No. 1117 - Burnie - Mission to Seafarers

The Mission to Seafarers (formerly The Missions to Seamen) is a Christian welfare charity serving merchant crews around the world. It operates through a global Mission family network of chaplains, staff and volunteers and provides practical, emotional and spiritual support through ship visits, drop-in seafarers centres and a range of welfare and emergency support services.

The Mission to Seafarers has its roots in the work of Anglican priest John Ashley. In 1835 Ashley was asked by his son how sailors on ships in the Bristol Channel could go to church. Recognising the needs of the seafarers on the four hundred sailing vessels in the Bristol Channel, Ashley created the Bristol Channel Mission. In 1839 a specially designed mission cutter named Eirene was built with a main cabin designed to be converted into a chapel for 100 people.

John Ashley's work inspired similar ministries in the UK, and it was decided in 1856 that these groups should be formally organised under the name The Mission to Seamen Afloat, at Home and Abroad. In 1858, this name was changed to ‘The Missions to Seamen’ and more recently to ‘The Mission to Seafarers’. The Flying Angel logo which was adopted in 1858 is still in use to this day.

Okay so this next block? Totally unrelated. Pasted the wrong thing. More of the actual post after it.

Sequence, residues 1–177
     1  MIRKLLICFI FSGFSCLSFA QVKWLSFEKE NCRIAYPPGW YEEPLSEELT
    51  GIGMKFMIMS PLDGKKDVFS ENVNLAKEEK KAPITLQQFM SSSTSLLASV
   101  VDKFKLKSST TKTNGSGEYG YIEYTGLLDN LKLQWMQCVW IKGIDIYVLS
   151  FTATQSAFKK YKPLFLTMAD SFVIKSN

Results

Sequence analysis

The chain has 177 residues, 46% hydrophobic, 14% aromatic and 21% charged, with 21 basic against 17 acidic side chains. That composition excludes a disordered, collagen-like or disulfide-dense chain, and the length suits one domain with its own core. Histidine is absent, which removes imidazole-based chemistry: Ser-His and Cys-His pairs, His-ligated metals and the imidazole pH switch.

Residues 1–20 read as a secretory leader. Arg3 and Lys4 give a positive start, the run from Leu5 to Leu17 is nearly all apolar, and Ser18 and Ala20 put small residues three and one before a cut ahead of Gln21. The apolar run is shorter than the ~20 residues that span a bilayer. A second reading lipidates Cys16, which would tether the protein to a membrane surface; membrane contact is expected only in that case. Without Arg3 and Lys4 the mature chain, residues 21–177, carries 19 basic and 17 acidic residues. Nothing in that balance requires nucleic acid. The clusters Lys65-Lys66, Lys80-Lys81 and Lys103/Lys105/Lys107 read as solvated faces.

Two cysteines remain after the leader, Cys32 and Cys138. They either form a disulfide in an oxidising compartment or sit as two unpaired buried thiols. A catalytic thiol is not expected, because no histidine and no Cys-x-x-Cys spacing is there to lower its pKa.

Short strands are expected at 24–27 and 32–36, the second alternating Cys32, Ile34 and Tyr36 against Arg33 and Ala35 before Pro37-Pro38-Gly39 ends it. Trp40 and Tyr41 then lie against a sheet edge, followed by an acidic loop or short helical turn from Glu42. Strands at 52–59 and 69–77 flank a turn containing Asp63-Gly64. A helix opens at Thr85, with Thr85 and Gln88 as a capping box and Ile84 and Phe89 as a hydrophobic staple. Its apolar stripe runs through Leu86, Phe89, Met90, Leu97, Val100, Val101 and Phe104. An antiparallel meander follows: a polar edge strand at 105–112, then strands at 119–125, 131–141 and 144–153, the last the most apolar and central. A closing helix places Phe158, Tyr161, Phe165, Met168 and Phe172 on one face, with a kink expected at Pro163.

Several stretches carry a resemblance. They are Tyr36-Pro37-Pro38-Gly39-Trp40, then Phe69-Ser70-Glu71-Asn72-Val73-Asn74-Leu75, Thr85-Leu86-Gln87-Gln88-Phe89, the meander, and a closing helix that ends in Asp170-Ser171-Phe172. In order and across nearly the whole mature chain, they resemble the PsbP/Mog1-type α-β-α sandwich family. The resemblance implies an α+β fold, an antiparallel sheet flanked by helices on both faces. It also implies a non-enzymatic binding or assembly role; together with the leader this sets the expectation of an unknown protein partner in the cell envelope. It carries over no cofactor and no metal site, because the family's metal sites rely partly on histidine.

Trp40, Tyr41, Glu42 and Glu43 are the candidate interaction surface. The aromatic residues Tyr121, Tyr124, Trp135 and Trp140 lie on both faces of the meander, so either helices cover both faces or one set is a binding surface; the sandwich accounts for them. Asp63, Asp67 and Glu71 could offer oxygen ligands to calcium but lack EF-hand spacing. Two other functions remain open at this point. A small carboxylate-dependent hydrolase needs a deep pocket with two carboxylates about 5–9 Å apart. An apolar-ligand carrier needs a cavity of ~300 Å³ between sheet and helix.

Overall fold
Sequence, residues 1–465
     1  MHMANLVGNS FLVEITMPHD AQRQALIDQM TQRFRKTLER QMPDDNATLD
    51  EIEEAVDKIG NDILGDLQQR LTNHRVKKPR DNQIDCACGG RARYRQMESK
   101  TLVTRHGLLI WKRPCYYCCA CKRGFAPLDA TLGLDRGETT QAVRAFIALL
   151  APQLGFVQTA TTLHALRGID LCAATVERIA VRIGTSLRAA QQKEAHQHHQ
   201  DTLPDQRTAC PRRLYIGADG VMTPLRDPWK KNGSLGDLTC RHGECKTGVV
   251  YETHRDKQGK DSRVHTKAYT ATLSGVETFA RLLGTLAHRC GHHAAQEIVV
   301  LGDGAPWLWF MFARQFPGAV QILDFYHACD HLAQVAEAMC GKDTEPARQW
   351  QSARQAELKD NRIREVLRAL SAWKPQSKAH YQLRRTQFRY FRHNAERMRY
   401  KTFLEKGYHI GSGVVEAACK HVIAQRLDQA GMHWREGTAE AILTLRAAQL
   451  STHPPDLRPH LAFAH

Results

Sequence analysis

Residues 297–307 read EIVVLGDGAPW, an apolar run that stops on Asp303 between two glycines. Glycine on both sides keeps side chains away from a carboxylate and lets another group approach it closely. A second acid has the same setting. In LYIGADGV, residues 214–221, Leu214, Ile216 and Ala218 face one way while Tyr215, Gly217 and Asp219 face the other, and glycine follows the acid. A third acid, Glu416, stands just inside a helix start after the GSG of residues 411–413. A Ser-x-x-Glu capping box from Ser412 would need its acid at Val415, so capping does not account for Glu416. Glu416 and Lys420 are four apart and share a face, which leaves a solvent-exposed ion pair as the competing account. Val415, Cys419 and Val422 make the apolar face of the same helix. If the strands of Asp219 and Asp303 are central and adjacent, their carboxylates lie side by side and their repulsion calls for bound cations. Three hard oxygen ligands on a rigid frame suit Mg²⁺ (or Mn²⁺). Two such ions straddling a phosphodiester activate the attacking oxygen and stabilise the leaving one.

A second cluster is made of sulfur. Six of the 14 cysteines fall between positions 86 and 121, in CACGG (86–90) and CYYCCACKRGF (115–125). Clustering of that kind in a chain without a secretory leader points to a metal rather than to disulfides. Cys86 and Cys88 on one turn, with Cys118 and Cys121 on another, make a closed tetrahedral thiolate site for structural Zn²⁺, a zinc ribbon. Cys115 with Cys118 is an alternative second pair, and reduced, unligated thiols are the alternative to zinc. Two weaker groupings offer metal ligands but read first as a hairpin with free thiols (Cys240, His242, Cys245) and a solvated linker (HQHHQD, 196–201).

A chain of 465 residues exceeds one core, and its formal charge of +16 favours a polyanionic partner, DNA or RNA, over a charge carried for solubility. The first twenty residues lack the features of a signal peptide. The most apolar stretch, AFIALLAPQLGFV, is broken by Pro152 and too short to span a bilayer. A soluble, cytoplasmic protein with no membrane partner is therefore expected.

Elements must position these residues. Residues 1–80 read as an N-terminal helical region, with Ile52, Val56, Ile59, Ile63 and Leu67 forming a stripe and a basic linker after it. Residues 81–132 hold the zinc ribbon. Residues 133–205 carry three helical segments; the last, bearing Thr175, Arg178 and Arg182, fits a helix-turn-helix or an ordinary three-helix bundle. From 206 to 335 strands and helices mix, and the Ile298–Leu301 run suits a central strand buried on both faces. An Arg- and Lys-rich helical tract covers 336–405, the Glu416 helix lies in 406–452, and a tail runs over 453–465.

Australia currently has 27 Mission to Seafarers' centres, including three in Tasmania, at Hobart, Bell Bay and the Port of Burnie.

The Mission at Burnie is located at 7 Anchor Avenue within the port precinct. Missions typically include a small shop, as well as access to a chapel, phones, computers, WiFi, and someone to talk with.

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